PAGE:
The FBI and the Movies: A History of the Bureau on Screen and Behind the Scenes in Hollywood

Front Cover
McFarland & Company, 2007 - Performing Arts - 276 pages
0 Reviews
On June 29, 1908, U.S. Attorney General Charles Bonaparte ordered the creation of a special force within the Department of Justice. Consisting of 28 agents and eight former Treasury Department investigators, it was designed to stop interstate crimes yet had no power to arrest perpetrators or carry firearms. Named the Bureau of Investigation, the agency was soon bogged down with its own inherent problems, becoming an object of corruption and contempt--until May 19, 1924. On that date, President Calvin Coolidge appointed J. Edgar Hoover to replace the corrupt director. Hard-working with a no-nonsense attitude, Hoover immediately set about reorganizing the bureau, setting a standard that he expected his agents to follow. Hoover, impressed by Hollywood's manner of maintaining an image and manipulating the media, began to use some of these tricks to clean up his agency's image. Thanks in part to his efforts, movies of the 1930s shifted from glorifying outlaws and gangsters to glorifying lawmakers--and who better to play that role than Hoover's new, improved FBI?
From crime-busting heroes to enemies of free speech, this volume examines the evolution of Hollywood's portrait of the FBI over the last 75 years. The book looks in-depth at how Hollywood's creative rewriting of history enhanced the FBI's reputation and discusses the historical events that shaped the bureau off-screen, including the various figures who tell the real FBI story--the gangsters, the politicians, the journalists, the communists. The main body of the work examines the filmmakers, actors, technicians, writers and producers who were responsible for FBI films, following the FBI from the birth of a cultural icon in the 1930s, through the spy-busting war years and the threat of the Red Menace, and, finally, to death of Hoover and the scandals of the 1960s. Studio correspondence and once confidential FBI memos are also included.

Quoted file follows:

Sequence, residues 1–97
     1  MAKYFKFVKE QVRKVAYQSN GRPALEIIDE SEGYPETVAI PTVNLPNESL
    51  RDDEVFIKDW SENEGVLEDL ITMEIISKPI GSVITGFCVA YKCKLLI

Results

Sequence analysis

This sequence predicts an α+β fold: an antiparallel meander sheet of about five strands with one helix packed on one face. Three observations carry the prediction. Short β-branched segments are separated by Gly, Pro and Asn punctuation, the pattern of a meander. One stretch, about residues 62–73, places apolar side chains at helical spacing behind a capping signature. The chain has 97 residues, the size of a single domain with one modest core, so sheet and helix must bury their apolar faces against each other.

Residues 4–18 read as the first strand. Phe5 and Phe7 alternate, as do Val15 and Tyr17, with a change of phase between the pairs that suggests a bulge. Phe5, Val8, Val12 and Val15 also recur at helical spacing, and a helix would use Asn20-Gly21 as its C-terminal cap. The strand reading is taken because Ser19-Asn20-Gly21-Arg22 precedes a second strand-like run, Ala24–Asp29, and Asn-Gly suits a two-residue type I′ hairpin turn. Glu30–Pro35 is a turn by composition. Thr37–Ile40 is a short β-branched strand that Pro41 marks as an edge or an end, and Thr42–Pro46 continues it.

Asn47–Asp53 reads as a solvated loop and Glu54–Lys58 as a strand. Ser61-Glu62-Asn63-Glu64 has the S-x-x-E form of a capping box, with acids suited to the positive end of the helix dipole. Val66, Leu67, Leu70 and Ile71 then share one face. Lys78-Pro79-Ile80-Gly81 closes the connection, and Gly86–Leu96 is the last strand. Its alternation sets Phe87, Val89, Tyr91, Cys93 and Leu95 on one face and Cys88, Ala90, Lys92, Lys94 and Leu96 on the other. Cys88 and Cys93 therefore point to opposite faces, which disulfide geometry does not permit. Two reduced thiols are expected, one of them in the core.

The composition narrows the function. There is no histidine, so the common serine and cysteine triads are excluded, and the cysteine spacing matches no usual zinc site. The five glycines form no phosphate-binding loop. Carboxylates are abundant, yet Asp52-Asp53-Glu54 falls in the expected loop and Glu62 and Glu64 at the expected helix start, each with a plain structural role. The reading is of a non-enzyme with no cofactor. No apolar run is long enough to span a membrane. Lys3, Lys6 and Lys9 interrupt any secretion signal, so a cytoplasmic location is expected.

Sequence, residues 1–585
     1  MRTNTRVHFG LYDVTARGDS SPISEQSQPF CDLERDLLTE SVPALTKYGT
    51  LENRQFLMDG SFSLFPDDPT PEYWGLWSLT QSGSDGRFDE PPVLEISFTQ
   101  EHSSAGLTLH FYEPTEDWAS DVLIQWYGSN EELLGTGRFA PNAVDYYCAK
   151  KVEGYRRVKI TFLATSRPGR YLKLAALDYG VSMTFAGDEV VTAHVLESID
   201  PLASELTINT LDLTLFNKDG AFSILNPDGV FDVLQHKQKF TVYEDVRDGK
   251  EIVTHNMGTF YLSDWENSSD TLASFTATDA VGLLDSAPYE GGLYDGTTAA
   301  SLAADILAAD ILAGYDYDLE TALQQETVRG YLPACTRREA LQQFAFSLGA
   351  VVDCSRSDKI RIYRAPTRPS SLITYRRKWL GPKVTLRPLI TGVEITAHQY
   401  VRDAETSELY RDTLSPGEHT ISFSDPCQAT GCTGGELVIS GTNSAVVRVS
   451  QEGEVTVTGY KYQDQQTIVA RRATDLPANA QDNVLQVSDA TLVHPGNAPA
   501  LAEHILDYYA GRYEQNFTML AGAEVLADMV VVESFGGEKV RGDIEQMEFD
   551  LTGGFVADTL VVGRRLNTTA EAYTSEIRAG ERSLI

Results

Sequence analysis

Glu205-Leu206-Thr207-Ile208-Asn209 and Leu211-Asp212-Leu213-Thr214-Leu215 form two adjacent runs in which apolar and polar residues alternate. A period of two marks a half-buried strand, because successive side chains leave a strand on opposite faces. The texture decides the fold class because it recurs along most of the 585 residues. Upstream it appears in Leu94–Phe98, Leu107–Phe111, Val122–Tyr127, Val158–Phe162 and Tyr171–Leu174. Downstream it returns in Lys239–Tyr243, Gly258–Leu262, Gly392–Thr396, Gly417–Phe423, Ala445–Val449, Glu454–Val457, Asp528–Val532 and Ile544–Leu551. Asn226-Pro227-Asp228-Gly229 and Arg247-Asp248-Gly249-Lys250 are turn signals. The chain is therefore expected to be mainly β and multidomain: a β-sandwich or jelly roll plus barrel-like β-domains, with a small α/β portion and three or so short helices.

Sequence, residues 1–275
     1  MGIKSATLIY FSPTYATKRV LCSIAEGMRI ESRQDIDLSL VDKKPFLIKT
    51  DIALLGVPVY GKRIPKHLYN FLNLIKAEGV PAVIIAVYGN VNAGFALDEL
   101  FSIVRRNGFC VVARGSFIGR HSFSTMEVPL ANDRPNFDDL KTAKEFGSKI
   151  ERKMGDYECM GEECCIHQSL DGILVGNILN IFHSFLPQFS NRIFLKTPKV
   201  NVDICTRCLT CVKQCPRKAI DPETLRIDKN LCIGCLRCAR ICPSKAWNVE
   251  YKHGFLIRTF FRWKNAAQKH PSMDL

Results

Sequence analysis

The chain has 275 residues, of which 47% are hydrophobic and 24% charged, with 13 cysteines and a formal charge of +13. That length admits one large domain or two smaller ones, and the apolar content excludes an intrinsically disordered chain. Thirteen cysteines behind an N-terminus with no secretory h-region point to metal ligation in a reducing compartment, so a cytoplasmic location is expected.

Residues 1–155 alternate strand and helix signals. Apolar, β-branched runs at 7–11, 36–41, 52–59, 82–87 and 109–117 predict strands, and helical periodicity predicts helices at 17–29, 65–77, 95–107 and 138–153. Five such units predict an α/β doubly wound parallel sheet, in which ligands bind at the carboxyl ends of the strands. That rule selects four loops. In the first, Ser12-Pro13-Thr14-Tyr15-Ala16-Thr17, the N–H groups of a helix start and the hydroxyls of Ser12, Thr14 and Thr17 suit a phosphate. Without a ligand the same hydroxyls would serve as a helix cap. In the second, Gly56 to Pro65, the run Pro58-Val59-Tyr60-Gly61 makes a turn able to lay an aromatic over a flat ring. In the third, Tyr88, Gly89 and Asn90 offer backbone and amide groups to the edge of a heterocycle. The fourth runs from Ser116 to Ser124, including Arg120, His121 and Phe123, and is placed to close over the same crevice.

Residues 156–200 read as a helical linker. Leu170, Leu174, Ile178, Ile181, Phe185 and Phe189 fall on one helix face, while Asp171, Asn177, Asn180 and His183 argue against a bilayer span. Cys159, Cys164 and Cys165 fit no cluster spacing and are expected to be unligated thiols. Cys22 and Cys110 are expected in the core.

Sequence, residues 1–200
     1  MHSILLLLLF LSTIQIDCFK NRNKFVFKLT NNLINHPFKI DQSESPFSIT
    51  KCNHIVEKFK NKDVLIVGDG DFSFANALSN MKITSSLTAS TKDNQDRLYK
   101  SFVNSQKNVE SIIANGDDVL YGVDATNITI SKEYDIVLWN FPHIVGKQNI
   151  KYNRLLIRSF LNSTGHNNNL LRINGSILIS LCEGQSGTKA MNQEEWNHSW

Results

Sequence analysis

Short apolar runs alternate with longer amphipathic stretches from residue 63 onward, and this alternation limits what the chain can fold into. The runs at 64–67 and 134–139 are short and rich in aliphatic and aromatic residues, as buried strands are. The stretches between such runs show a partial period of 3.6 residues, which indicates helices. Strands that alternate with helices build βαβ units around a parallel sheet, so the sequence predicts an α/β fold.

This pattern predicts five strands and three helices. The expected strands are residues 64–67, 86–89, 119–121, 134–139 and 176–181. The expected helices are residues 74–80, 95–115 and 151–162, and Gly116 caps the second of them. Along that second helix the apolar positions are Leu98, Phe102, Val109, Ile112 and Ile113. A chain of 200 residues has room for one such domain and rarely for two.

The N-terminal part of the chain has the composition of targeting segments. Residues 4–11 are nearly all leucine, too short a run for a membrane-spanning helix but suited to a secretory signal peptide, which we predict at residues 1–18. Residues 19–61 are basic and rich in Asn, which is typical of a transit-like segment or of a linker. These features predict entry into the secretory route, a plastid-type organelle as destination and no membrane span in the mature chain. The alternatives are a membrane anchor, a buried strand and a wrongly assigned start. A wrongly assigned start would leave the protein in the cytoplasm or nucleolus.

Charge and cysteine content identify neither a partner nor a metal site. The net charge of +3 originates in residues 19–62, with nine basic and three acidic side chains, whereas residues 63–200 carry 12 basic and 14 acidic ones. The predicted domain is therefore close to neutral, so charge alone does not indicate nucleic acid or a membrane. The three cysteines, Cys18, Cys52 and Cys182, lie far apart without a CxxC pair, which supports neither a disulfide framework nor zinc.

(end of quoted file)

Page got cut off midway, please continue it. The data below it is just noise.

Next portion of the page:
From inside the book

What people are saying - Write a review

We haven't found any reviews in the usual places.


Part I
CrimefightersIcons of the FBI Film

19 other sections not shown

Common terms and phrases

About the author (2007)

BOB HERZBERG was born in Brooklyn, N.Y. in 1956. He graduated from Erasmus Hall High School and went on to take a variety of jobs, from truck driver to warehouse manager to salesman. He always wanted to act in plays and do comedy and soon started performing in community theaters and colleges around New York. By the 1990s, Bob had performed standup comedy, improv, and murder mystery/dinner theater at clubs in both N.Y. and Hollywood. Around the same time, he wrote and co-starred in The Melnicks series on local TV, which aired on both coasts. In 2006, he started writing western novels and mysteries. He is a member of Western Writers of America, International Thriller Writers and the Dramatists' Guild. In the past six years he has had four non-fiction books published: Shooting Scripts, From Pulp Western to Film, which is about western authors and the films made from their works; The FBI & the Movies, which focuses on films with FBI characters and the Bureau's influence on these productions; Savages & Saints: the Changing Image of American Indian in Westerns, which details the Indian Wars and the films made about them; and The Left Side of the Screen which focuses on Communists and Liberals in Hollywood during the years 1929-2009. In 2008, he appeared on TV-Land's Myths & Scandals in a sequence about the FBI; in 2013, he appeared as a commentator on the 20th anniversary Blu-ray edition of The Fugitive. Bob's latest, Revolutionary Mexico on Film, 1914-2014, will be released in 2015. He's happily married to the lovely actress/poet Colleen Hayden. One day they hope to live out west.

Bibliographic information